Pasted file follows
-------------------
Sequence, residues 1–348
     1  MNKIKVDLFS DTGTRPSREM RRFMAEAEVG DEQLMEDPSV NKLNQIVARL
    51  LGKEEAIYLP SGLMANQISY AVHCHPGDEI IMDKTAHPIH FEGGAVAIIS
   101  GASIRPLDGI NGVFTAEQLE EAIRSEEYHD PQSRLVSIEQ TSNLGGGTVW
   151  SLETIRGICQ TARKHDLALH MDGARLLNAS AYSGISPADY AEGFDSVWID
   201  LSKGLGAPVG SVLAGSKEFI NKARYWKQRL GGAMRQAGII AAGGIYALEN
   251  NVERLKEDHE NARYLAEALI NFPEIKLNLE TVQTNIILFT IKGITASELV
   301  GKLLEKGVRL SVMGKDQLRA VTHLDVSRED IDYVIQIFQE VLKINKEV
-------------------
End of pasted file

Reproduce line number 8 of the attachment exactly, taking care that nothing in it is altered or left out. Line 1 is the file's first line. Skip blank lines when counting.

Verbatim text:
   301  GKLLEKGVRL SVMGKDQLRA VTHLDVSRED IDYVIQIFQE VLKINKEV